Computer Science 4160 - Computer Graphics
Assignment 2
Fall 2005

Curves - Bezier Curves and B-Splines

Due Oct 7, 11:59pm

General Information

In this assignment you will use the De Casteljau Algorithm, and variations of it, to draw Bezier curves and B-Splines.  You will also be asked to implement a rendering of Bezier curves using recursion. The most helpful information will be found in the lecture material.

Post any questions you have to the newsgroup. USE DETAILED SUBJECT HEADINGS . Other students will want to see the answers too. Do not post anything resembling code.

How to get started

  1. START EARLY: It is very unlikely you will be able to do this homework in 1 or 2 days.
  2. Download the project files.
  3. Unzip the files into their own directory.
  4. Fill in the sections of curves2.cpp that say (WorkingScene should be filled in first)
    /* YOUR CODE HERE */
  5. Do not use any openGL calls. Do not modify any files other than curves2.cpp. Make sure to use DrawLine() to draw a straight segment.
  6. EXCEPTION: There is an exception to the openGL calls rule above. Where it says: "make sure the scene gets redrawn", the correct line to complete this operation is glutPostRedisplay();
  7. Make sure your code behaves identically to the solution (checking that detail levels match). If your code works except for slightly different behavior at level 1, don't worry about it. (Though it may be an indication of other errors).
  8. Submit the file curves2.cpp as an email attachment, just like in HW1. (Subject: HW2 - [Your name]). Please also write your name in a comment in curves2.cpp.
  9. This assignment is to be done individually. However, your e-mail above should include your partner for assignment 3. The purpose of this is to get you to start thinking about assignment 3 soon; the first milestone on that will be due in two weeks.
  10. Get a good grade.

Note that the skeleton (and solution provided) exhibit some instabilities [and may crash] if you use them as they are not intended to be used (the most common issue is clicking without first selecting the type of curve). You don't need to worry at all about these issues, but to avoid any heartache, please read the homework instructions here and the relevant posts on the newsgroup.


This assignment uses the mouse much more than the keyboard.  Part of your task is to look at the code to figure out how to use the program.

You will want to complete WorkingScene before anything else.  Once you have done this correctly, you will be able to draw regular Curve (just straight lines) by LEFT clicking on the screen to add points.  You should be able to delete points by RIGHT clicking in them.  You can also drag existing points around.


  1. Do not use outside (any) libraries for your computations.

Helpful functions

The class Curve has the function drawLine( ), which you should use to draw straight lines.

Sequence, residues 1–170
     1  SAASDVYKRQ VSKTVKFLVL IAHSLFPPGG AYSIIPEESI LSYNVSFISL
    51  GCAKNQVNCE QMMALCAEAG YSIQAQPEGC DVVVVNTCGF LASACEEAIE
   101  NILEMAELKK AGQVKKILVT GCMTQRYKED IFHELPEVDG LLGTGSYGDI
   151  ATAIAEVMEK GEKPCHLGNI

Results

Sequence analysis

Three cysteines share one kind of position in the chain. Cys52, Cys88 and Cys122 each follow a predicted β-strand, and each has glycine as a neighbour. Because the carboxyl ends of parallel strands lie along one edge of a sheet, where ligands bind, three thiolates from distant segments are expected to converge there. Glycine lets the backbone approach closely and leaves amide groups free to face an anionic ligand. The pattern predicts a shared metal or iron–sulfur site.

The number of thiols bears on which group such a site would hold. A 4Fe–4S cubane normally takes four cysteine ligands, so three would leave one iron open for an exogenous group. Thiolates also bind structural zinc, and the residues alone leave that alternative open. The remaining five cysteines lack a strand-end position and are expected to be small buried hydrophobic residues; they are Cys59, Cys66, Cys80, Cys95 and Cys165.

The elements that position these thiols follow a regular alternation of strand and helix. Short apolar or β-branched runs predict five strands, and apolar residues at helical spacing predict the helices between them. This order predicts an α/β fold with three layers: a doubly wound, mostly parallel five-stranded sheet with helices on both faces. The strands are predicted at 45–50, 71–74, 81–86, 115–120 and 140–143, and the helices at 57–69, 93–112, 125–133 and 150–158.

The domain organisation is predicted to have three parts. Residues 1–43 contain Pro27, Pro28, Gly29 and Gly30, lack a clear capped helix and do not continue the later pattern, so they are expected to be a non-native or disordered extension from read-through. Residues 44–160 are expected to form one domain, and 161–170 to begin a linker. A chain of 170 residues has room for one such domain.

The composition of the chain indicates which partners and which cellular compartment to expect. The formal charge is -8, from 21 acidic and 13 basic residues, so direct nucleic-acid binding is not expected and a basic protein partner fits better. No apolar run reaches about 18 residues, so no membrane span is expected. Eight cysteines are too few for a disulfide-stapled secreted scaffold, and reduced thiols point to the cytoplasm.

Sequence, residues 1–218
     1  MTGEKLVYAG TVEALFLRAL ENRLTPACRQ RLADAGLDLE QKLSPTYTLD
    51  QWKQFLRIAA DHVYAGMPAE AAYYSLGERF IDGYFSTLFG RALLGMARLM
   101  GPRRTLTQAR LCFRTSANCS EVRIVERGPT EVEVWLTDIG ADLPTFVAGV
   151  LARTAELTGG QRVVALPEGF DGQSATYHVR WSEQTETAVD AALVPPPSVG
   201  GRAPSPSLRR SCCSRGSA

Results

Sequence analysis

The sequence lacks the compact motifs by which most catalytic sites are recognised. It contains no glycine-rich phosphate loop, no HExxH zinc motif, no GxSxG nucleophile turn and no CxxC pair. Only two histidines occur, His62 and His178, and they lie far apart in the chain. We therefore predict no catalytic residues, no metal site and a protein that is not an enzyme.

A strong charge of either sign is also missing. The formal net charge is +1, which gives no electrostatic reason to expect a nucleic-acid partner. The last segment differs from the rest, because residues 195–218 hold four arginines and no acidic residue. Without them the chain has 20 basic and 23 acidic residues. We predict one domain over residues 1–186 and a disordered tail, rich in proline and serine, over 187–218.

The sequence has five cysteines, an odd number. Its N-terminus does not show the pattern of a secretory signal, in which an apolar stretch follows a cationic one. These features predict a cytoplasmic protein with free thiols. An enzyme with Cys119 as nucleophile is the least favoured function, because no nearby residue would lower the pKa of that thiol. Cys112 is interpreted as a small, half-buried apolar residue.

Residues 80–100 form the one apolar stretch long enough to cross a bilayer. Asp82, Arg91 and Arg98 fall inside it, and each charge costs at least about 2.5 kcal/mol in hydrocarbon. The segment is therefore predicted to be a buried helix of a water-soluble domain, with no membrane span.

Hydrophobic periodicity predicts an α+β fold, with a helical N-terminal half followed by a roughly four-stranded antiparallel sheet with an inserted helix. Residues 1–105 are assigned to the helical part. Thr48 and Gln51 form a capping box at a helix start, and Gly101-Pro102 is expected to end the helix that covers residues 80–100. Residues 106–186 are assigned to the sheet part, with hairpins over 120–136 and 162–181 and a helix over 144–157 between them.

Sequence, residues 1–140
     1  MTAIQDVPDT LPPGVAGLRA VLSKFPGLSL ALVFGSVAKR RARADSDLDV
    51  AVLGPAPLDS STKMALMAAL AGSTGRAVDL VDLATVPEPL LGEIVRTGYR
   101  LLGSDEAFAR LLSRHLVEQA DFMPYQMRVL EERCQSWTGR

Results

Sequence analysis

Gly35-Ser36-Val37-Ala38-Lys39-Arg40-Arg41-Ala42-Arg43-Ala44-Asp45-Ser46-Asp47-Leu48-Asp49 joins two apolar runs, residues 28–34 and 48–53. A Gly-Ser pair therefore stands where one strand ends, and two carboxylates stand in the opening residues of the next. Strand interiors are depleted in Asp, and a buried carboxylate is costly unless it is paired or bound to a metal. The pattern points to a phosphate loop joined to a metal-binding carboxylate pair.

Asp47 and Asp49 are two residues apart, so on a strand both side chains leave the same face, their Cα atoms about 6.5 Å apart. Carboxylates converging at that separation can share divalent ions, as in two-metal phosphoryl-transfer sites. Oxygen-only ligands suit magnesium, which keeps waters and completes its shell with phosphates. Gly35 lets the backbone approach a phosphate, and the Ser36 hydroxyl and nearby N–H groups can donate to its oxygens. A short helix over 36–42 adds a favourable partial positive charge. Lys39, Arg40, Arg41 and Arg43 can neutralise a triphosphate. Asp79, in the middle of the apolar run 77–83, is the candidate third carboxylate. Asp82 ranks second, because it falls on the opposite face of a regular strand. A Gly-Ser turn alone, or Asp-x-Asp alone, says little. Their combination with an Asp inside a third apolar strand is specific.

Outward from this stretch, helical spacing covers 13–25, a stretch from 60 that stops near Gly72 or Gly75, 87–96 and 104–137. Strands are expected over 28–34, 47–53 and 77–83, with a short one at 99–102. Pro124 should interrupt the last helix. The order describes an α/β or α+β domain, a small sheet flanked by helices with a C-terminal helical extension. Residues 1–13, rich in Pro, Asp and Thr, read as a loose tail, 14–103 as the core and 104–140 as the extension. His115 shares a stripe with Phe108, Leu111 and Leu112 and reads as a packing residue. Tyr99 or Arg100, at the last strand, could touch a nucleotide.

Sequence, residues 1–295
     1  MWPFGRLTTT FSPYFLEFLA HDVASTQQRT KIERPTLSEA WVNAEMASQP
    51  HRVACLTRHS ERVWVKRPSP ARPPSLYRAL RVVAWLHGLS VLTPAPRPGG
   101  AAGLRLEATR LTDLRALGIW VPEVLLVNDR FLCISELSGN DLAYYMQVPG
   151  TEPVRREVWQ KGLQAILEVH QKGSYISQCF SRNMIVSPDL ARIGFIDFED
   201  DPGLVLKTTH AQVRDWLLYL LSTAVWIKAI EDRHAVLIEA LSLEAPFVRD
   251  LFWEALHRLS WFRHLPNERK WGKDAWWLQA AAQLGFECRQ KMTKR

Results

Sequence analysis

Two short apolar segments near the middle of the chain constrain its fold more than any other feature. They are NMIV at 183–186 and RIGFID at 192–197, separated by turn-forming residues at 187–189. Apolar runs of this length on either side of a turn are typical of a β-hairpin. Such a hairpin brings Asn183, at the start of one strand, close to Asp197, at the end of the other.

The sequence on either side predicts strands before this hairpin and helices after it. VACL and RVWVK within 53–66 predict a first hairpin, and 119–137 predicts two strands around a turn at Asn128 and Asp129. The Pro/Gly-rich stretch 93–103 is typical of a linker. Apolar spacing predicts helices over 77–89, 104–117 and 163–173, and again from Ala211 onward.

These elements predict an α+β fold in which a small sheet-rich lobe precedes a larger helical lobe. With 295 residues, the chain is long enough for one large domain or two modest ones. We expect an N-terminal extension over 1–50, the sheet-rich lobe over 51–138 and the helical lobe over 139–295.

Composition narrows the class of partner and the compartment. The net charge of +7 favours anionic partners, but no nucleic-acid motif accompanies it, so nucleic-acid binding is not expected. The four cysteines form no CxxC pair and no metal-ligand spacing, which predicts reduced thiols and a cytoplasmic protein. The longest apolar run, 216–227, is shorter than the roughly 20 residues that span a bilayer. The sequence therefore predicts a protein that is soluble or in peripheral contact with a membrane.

The class Point has a function draw( ).  For drawing knots in the B-Spline, you will want to create a point, and ask it to draw itself.

This assignment uses the <vector> class from Standard Template Library (STL).  It is a very powerful class, but may have a slight learning curve.  It is worth investing the time to learn how to use this.  Microsoft's MSDN web site is a good source of information.  There are also plenty of books and other web sites that discuss STL.  If you really don't want to use <vector>, figure out just enough to convert the vector of points into a form your comfortable with before you start your manipulations of the points.

For Bezier2, you are provided with a more complete skeleton. This code uses <vector>. You may choose to rewrite draw(), but we reccomend that you study this code and fill in the provided structure. This will help you learn the <vector>, as well as the recursive algorithm for Beziers.

Some students have expressed confusion at the difference between Bezier and Bezier2. For Bezier, you simply divide the curve into line segments (depending on the detail parameter, there should be detail segments). Hence, all you need to do is evaluate the curve at detail+1 points, connecting these with line segments. The evaluation can be done by the deCasteljau algorithm as described in class, or you can use the explicit Bernstein-Bezier polynomial form. For Bezier2, you draw the curve by recursive subdivision, splitting it at its midpoint each time. The recursive subdivision of Bezier curves using the deCasteljau algorithm was discussed in class. Finally, for drawing cubic B-splines, you can either use a variant of the deCasteljau algorithm, or the B-spline matrix formula discussed in class directly. This latter formula applies since the knot spacing is uniform and the B-splines are always cubic.

Hints and Documentation
We briefly provide some brief hints and documentation that may be helpful.